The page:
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Pollination

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The transfer of pollen to where the ovary is -- stigma (in angiosperms) or micropyle (in gymnosperms[?]) -- is called pollination, a process which requires pollinators as the carrier agents who pollinate the female flower:

To attract pollinators, some flowers, such as sunflower, when viewed under ultraviolet light as seen by honeybees, have a darker centre, where the pollens are.

Pollinations are divided into:

  • Cross-pollination: pollen is delivered to another flower
  • Self-pollination: pollen travels to the female part of the genetically same flower, which is usually itself, but can also be a clone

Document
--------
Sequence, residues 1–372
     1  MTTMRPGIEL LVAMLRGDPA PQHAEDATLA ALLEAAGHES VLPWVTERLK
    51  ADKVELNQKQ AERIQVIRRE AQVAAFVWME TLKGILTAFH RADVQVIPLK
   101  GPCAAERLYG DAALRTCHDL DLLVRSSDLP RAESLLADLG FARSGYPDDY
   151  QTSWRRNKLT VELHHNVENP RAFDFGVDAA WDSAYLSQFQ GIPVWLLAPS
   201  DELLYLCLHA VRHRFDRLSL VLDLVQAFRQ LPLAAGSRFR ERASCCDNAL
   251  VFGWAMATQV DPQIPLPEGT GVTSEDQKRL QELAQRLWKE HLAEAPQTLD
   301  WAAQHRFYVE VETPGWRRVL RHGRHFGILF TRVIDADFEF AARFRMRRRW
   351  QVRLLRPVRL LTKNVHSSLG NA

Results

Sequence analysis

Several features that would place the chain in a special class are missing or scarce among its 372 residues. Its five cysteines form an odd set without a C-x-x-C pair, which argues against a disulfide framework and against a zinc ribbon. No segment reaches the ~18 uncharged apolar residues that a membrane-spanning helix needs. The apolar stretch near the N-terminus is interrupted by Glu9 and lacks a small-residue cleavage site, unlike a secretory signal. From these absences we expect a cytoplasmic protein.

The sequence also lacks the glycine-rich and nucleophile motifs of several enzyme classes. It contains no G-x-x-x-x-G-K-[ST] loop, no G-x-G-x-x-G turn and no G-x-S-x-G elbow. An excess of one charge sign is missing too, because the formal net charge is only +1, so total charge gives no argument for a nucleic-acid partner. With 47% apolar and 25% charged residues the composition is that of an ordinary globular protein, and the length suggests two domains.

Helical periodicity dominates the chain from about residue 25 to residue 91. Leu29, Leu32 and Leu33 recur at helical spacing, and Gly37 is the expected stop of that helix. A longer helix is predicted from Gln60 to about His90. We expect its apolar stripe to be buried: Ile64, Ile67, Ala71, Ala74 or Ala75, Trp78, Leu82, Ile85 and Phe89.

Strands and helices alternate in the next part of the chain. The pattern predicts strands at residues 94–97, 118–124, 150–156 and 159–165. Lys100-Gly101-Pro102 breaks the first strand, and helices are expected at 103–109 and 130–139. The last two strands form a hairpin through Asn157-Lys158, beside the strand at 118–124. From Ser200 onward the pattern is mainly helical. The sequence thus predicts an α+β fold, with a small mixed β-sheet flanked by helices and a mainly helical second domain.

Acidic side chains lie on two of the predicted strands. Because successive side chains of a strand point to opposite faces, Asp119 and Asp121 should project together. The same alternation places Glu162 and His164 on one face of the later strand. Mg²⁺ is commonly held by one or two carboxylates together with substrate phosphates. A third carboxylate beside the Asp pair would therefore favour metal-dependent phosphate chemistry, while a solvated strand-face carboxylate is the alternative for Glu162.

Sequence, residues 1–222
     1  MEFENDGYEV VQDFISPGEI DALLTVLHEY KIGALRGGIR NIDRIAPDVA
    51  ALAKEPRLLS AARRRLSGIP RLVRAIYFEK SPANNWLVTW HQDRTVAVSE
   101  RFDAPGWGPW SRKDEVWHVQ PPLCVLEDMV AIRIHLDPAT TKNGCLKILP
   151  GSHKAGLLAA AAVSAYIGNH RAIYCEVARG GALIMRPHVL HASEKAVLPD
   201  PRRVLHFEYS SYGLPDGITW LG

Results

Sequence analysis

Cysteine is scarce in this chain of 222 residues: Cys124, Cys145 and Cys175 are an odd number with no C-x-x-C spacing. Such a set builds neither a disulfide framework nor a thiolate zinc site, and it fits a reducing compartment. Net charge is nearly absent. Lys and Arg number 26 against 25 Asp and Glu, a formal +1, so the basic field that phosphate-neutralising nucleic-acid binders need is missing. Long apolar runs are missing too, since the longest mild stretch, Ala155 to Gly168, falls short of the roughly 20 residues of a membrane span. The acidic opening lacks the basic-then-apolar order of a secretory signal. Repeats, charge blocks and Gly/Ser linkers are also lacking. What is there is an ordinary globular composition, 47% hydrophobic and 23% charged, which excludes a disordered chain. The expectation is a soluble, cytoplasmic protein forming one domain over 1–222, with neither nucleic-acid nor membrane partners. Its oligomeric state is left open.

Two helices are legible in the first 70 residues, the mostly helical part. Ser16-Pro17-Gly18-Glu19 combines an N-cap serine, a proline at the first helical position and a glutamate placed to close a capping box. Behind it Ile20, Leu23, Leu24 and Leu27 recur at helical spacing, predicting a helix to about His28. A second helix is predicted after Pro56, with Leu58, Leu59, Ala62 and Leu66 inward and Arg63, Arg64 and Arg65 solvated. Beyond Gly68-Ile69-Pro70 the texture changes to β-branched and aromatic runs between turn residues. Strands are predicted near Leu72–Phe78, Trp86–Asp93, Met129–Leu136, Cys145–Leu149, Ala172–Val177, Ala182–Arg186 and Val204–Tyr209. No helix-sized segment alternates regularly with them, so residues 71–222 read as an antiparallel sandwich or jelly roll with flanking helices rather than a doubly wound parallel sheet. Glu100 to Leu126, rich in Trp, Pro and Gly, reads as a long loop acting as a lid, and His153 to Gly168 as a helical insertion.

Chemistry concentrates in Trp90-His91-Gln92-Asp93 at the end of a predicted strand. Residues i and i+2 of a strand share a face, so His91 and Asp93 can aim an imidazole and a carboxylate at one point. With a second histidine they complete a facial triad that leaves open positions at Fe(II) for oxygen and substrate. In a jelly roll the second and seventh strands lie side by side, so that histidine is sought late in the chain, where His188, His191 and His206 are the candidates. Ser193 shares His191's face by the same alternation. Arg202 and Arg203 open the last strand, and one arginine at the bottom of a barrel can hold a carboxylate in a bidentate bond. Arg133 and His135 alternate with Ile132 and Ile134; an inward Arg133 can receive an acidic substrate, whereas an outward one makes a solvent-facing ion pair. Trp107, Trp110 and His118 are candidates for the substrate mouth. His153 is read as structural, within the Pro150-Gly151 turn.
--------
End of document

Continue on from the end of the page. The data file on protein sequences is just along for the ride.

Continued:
Bee pollination

Bees travel from flower to flower, collecting nectar (converted to honey later), and in the process picking up pollen. The bee collects the pollen by rubbing against the grains. The pollen is stored at his hind legs, in dense hair referred to as a pollen basket[?]. As the bee flies from flower to flower, the pollen from male flowers eventually falls into the stigma of the female flower, producing seeds.



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